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Fantômas by Marcel Allain
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Fantômas (1911)

by Marcel Allain, Pierre Souvestre

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501431,697 (3.63)39
A noblewoman is hacked to death in her chateau, a Russian princess is boldly robbed at a posh hotel, and a lord's lifeless body is found stuffed into a trunk. Everyone recognizes the deeds of Fant#65533;mas, a master of disguise whose daring and diabolical crimes paralyze Parisians with terror. One man has sworn to bring the phantom killer to justice: Inspector Juve, who ventures from dark alleys to brilliant salons in his relentless pursuit of the evil genius. The first volume in a series of wildly popular French thrillers, Fant#65533;mas created a sensation in pre-WWI Europe. The original pulp fiction, its appeal transcended every level of society. Cocteau, Colette, and Picasso were avid readers, and subsequent generations of artists, writers, and musicians have drawn inspiration from this enduringly stylish and suspenseful novel.… (more)

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» See also 39 mentions

Showing 4 of 4
Here's the problem with this book: I never really got any idea why Fantomas was doing all this shit. I mean, he gets up into these elaborate disguises so he can kill one person or another, but why does he want that person dead? Not really explained. And he also makes some pretty stupid mistakes for being such a genius mastermind. Shit Moriarty would never have put up with.

I'm just saying, if you're writing a book about a criminal genius, the criminal should do genius things. Not just really convoluted things.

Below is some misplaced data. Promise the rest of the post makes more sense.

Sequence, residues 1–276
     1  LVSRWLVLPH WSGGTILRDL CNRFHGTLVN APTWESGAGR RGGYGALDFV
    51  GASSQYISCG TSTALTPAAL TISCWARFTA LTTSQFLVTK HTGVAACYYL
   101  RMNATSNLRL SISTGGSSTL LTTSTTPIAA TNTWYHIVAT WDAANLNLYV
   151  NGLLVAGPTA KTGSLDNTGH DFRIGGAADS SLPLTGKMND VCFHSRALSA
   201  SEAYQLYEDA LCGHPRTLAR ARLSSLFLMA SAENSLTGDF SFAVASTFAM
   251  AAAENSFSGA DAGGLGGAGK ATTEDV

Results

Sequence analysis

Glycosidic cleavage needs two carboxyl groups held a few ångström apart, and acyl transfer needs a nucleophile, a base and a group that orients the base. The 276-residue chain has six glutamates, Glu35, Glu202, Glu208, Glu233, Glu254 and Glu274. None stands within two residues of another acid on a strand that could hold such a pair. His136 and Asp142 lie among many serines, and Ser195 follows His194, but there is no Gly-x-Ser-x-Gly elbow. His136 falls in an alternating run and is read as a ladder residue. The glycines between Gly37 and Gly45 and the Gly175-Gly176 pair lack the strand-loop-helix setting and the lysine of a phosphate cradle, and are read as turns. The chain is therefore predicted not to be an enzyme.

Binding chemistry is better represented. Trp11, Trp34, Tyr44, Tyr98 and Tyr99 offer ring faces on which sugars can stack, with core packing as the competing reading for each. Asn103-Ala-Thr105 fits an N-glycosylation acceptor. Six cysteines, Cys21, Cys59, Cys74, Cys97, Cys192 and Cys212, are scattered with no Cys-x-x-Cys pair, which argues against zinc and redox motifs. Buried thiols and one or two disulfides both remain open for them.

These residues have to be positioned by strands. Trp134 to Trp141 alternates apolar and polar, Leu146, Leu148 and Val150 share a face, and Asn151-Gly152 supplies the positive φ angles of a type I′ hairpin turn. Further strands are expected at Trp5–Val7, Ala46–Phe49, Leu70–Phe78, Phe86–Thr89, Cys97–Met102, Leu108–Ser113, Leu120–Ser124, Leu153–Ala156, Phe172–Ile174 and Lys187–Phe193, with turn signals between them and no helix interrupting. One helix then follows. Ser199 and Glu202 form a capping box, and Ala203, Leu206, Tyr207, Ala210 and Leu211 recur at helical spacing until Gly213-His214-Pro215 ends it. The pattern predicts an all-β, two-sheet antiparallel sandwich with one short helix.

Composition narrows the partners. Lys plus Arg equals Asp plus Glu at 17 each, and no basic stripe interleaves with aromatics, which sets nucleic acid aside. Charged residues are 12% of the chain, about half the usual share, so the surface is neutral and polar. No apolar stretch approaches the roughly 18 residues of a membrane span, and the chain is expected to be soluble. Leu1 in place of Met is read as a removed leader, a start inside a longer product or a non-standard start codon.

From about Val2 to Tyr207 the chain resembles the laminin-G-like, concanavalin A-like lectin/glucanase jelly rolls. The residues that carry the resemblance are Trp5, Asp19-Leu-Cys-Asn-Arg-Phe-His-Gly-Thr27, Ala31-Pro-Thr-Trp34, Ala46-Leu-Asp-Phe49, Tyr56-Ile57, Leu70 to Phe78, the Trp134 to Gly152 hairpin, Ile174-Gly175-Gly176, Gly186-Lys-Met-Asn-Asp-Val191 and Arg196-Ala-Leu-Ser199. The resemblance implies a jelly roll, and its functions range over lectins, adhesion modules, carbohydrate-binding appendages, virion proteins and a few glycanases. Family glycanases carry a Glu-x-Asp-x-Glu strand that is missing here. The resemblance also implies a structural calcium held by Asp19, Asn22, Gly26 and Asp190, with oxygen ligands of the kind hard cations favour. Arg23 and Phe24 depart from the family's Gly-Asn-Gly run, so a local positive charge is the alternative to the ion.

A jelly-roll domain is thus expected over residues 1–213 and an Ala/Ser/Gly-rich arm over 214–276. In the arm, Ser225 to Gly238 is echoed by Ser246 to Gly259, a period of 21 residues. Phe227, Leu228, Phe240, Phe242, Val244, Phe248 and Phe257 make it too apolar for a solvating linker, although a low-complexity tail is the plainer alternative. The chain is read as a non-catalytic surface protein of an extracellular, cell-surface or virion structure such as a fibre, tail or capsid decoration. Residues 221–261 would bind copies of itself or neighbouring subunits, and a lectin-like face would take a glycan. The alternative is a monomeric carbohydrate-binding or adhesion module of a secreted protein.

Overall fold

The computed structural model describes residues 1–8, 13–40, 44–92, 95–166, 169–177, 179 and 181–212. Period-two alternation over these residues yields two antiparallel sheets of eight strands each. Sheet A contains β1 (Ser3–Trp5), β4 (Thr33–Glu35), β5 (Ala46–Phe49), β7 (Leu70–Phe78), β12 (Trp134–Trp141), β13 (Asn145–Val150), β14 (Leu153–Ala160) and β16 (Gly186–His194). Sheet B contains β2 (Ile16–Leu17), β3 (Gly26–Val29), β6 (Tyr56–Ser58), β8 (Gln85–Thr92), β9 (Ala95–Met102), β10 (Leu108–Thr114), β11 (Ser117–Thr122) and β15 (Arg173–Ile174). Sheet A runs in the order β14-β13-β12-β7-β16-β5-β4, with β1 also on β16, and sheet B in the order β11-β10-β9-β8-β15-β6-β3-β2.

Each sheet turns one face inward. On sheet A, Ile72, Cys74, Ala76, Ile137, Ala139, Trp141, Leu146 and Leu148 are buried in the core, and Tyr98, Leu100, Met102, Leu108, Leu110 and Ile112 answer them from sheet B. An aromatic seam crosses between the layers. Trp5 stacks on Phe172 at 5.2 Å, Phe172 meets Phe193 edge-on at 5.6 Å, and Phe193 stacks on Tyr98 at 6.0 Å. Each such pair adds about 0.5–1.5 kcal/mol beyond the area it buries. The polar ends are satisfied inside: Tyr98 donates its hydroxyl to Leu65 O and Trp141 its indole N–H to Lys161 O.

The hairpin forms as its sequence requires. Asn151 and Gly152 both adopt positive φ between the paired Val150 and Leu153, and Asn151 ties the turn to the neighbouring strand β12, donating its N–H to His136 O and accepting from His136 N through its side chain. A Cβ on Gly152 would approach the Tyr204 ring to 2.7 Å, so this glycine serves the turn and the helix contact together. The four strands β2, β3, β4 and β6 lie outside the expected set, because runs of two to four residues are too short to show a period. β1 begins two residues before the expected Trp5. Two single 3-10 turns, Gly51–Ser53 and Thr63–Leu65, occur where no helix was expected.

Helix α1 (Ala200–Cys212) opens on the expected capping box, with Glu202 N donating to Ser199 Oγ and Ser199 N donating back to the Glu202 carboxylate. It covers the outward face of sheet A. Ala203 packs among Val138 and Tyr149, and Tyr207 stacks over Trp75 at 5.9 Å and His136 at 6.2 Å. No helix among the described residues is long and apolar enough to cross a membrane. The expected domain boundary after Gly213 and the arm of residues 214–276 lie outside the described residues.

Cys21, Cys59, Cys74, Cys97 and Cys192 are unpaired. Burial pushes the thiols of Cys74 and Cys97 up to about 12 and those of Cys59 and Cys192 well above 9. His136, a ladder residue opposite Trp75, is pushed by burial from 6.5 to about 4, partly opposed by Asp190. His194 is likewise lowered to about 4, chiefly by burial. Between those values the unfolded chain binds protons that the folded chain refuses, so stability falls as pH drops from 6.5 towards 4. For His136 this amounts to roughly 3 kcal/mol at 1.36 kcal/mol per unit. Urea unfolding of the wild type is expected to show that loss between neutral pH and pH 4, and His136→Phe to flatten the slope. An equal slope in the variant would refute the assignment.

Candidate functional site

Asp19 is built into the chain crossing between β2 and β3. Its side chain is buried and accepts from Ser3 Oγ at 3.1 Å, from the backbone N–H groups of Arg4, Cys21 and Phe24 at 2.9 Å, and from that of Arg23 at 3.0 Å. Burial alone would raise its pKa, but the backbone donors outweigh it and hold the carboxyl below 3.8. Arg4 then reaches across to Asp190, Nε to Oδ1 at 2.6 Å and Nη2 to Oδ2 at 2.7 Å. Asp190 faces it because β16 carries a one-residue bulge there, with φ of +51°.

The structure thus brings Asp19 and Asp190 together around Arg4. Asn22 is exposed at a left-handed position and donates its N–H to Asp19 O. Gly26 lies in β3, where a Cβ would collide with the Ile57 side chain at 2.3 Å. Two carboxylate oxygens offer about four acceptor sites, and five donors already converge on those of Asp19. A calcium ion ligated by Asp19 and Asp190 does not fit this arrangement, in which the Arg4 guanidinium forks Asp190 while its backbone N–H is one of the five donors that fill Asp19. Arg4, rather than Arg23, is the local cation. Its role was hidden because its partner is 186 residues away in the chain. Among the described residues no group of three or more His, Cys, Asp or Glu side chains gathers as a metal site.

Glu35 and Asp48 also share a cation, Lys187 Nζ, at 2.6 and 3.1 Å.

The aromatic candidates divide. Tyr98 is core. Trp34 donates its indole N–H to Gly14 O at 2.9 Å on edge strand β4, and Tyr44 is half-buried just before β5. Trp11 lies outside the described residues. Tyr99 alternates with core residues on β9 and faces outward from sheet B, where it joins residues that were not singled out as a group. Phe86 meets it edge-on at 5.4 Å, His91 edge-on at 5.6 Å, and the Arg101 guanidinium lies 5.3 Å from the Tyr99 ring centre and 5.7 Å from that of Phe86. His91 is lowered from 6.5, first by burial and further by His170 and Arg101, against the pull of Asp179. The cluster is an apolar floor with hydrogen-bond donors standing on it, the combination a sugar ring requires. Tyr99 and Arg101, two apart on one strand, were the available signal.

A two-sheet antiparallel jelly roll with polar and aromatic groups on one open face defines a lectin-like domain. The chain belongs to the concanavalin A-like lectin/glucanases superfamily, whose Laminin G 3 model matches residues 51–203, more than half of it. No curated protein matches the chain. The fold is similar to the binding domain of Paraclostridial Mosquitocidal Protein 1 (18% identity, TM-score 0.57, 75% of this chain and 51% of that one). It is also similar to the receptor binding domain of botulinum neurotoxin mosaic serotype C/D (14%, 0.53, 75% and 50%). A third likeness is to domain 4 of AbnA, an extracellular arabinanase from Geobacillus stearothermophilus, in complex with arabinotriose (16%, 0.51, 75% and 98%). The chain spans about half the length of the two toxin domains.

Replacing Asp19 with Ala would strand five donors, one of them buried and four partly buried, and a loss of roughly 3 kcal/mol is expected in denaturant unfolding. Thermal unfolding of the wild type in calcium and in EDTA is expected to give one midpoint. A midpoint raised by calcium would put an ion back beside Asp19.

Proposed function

And there's quite a deus ex machina there at the end, too. Trail of the Serpent did it better, yo.

Entertaining enough, sure. Just not really a must-read. ( )
1 vote AlCracka | Apr 2, 2013 |
Many thanks to the 1001 book list because I would have never read this book had it not been on the list and missed out on a gem.

Fantomas is a master criminal, ruthless and brilliantly clever,able to take on any disguise seemingly at will, a real fictional anti-hero long before they became popular. Juve is a quirky but brilliant detective who has made it his life's work to catch this criminal, seeing links in seemingly unconnected crimes where no one else can spot them. But even at the very end of the book, which is both cleverly constructed and yet horrifying in its simplicity, you still have no real idea who Fantomas is or even whether or not that he even exists at all other than in Juve's mind. Is he real or a sort of Boogie Man created to scare the upper tiers of Parisian life?

This book was first published in 1911 and became an instant hit across all levels of French society, but then it is so much more than a simple criminal tale. It also shows Parisian in particular, and French in general, avant-garde life in all its many shades which in itself made it all the more interesting to me at least. At times the language and plot-line feels a little dated, a bit formulaic and as if it was written in a rush, which it was, Allain and Souvestre had a deadline to meet but this should not really detract from the overall quality of the read. I mean Agatha Christie and Sherlock Holmes are a little dated now too despite their many reincarnations on screen.

The only thing that stops it getting full marks is the fact that the story is incomplete, it is after all only the first one in the series and there are another 40+ books to follow and I am unsure whether or not I will ever get around to reading another. ( )
  PilgrimJess | Feb 26, 2013 |
On the 1001 List, I knew nothing of this, being sent it through the 1001-Library. A mystery about famed mysterious criminal, Fantomas, and Juve, the detective determined to catch him. Three seemingly unlinked crimes, 2 rather gruesome, are connected by Juve and he sets off to find evidence.

The first murder is that of Marquise de Langruen, brutally killed in her bedchamber. The main suspect is Charles, the son of Etienne Rambert, a friend of the Marquise. Rambert senior arrives by train from Paris the morning after the grizzly death, and believes that Charles might be as unhinged as his mother, who Etienne had committed to an asylum years before. They disappear before Charles can be changed.